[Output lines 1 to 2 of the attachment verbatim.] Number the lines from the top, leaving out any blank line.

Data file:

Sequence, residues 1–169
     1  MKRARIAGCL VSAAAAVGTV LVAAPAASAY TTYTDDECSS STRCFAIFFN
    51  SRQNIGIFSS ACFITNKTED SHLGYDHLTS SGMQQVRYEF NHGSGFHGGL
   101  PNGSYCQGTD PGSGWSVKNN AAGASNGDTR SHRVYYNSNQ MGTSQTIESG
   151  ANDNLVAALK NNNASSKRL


Sequence, residues 1–169
     1  MKRARIAGCL VSAAAAVGTV LVAAPAASAY TTYTDDECSS STRCFAIFFN